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Eligu transforming lives of single mothers in slums

By Admin

Added 11th December 2019 04:37 PM

"I had never gone through such struggles but when my father walked away from us while I was in Primary Three, I had the bitter taste of being brought up by a struggling single mother"

Eligu transforming lives of single mothers in slums

"I had never gone through such struggles but when my father walked away from us while I was in Primary Three, I had the bitter taste of being brought up by a struggling single mother"

On November 1, Vision Group launched a three-month multi-media campaign aimed at achieving access to sexual and reproductive health and rights for all Ugandans. The campaign, dubbed ‘Live Your Dream', is being implemented in the context of the United Nations Population Fund global strategic plan. Francis Emukule looks at the story of Ronald Eligu and how he is empowering young mothers in slums to live their dreams

If you take a stroll in most of Uganda's slums, you will encounter many single mothers struggling to fend for their children. With no resources, single mothers leave their children to the mercy of fate. Consequently, the children end up on the streets and engage in activities such as sex work, theft, and drug abuse.

Ronald Eligu experienced the harsh reality of growing up under the care of a single mother with no livelihood in the slums of Namuwongo in Kampala, a place characterised by hopelessness and devastation.

Amidst such tough conditions, it is very hard for most of the youngsters to live their dreams or even make ends meet. However, the 23-year-old first-year student of arts in social sciences at Makerere University has chosen to become a beacon of hope to the hopeless single mothers and adolescents in his slum community.

He helps them peddle through matters of sexual reproductive health and economically empowering them. Slum life "I have been in the slum since 2004. I have witnessed the struggles single mothers go through. I had never gone through such struggles but when my father walked away from us while I was in Primary Three, I had the bitter taste of being brought up by a struggling single mother," says Eligu.

Eligu and his siblings were only left with their illiterate mother, Annah Asamo, who was also unemployed. She could barely get them a meal a day. As a result, some of his sisters took to sex work to get food. Eligu was lucky to attain an education at a community centre in Namuwongo called Ray of Hope, which pushed him up to Senior Six.

 Ronald Eligu 

"After completing my Senior Six, I went back to the slum because I used to attend boarding section. "But what I found back in the slum was not pleasant. All the young people I used to study with at the community centre had turned to sex work in Kabalagala. My sister was among them," Eligu explains.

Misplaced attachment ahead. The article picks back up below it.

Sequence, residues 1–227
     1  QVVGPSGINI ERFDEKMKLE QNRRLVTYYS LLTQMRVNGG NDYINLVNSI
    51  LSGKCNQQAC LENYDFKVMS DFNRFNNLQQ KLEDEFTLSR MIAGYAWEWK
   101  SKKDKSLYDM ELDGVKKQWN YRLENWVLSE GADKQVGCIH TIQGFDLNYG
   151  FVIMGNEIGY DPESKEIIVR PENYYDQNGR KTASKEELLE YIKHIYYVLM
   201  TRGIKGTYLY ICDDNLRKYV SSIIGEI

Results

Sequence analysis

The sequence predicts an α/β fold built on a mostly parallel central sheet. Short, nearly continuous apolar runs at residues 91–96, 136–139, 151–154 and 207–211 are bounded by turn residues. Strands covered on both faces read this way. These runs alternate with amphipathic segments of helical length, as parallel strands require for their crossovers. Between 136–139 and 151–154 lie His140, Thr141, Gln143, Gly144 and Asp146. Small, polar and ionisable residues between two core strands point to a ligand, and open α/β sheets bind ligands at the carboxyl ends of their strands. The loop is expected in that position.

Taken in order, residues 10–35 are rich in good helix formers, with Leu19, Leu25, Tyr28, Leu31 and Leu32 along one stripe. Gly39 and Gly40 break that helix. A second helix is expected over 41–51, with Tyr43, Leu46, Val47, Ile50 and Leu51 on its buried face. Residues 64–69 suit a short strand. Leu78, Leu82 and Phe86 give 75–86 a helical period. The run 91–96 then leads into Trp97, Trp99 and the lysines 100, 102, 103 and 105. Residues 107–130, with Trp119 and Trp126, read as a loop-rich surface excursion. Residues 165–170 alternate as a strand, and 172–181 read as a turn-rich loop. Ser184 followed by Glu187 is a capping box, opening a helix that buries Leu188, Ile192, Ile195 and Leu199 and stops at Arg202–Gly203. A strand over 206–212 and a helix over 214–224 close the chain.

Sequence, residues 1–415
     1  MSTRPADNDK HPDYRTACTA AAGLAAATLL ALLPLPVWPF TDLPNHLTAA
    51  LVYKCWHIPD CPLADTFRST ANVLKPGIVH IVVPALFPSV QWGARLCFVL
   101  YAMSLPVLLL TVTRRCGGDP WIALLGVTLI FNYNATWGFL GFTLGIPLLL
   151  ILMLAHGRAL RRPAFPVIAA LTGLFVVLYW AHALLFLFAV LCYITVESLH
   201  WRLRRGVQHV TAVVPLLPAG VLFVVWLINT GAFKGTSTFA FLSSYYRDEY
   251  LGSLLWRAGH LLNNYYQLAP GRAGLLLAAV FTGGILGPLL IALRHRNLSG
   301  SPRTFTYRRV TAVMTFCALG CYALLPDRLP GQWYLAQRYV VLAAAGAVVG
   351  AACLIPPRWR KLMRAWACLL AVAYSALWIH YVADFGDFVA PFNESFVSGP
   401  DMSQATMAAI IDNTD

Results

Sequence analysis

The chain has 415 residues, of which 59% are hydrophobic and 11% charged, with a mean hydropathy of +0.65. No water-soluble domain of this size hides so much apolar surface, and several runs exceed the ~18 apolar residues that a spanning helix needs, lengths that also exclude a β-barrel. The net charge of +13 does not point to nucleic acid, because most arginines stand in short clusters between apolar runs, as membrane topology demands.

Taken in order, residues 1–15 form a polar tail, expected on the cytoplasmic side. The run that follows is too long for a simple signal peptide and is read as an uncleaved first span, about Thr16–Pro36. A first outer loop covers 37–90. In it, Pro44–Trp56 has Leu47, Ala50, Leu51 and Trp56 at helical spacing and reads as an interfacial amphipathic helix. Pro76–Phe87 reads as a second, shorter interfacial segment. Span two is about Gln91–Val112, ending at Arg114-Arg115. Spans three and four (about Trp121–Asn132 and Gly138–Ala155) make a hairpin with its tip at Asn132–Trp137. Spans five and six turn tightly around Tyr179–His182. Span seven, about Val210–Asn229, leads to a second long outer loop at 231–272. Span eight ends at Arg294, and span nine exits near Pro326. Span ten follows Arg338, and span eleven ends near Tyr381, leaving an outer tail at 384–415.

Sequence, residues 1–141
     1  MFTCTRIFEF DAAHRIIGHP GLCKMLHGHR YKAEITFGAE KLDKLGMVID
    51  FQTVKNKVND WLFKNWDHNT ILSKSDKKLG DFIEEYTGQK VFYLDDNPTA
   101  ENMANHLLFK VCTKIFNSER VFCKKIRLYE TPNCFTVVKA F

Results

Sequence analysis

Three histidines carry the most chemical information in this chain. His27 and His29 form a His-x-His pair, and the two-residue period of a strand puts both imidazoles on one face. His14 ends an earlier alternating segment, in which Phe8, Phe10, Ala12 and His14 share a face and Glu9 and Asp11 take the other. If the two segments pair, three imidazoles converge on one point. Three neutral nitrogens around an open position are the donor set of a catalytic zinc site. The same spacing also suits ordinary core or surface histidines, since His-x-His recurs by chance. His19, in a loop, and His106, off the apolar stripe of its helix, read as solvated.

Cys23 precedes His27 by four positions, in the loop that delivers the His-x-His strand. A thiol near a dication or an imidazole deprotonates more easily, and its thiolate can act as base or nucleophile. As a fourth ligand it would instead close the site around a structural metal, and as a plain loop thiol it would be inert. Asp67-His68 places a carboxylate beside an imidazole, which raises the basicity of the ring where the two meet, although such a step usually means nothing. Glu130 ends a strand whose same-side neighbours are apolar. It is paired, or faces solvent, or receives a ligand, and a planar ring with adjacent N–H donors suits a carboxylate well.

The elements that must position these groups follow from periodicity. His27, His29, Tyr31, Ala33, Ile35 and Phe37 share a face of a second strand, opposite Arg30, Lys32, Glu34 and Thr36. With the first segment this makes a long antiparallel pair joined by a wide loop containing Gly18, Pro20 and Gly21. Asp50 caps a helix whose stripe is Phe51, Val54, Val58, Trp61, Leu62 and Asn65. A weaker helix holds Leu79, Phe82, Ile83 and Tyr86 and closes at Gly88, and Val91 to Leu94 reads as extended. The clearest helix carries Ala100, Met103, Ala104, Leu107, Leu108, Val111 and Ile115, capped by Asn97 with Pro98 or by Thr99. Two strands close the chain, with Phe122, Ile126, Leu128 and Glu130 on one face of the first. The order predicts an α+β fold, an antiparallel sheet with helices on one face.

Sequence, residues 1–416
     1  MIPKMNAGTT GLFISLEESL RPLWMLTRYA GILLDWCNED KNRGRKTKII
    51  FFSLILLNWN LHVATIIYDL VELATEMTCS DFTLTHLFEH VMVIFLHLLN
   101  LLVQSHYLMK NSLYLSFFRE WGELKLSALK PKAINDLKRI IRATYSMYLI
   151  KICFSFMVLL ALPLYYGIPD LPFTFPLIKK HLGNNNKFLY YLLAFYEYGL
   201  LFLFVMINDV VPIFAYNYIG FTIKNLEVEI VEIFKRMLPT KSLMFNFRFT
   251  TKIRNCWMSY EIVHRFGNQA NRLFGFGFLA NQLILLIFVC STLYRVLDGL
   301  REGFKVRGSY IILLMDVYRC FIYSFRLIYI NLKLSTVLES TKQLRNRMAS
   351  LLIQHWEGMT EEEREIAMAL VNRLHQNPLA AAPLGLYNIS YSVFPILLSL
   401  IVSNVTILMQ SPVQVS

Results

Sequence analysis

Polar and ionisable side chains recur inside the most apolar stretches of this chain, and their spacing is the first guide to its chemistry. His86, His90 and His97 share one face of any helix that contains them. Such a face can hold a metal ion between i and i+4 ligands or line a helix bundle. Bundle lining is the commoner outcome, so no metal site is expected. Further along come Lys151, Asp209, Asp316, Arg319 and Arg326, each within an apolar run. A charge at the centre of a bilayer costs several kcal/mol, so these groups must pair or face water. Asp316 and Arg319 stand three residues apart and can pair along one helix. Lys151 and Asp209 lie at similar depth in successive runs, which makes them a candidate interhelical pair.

He adds: "Most of the boys joined gangs and engaged in drug abuse, I needed to bring hope." He started an outreach team with various stakeholders mostly from Alive Medical Services and women groups in Namuwongo to address the plight of young women and youth in slums.

The goal was to change the mentality of women in the slums in terms of relationships, sexual life and financial independence, targeting majorly young mothers. These efforts eventually birthed the Touch the Slum project, an initiative aimed at showing young girls that prostitution is not the only way to survive.

The project also empowers young mothers and the girl-child with sexual reproductive health knowledge. "We are offering vocational skills training to equip single mothers with hands on skills. Once we equip them with skills, they will be able to start their own small businesses to make some money for themselves," says Eligu.

Skilling is also a tool that Eligu hopes is going to keep the single mothers off the streets but most importantly, economically empower them and eliminate sex work as an option. Eligu also aims at preparing young mothers, teenage girls, and pregnant mothers by empowering them through mentorship from different experts such as doctors, peer groups and counsellors.

"We do peer-to-peer education whereby health workers from Kisugu Heath Centre talk to pregnant young mothers to equip them with maternal health knowledge. The youth are also given life skills counselling by university students," Eligu says. The project also provides academic scholarships for the underprivileged children in the slums through an umbrella project called Guardian Angel.

Eligu hopes to create an ecosystem that is self-sustaining and strong enough to tackle issues not only in his slum but far beyond his reach. His ultimate dream is to see a self-sustainable generation of young mothers who can develop communities beginning with themselves, he also wants to eliminate high rates of young mothers.

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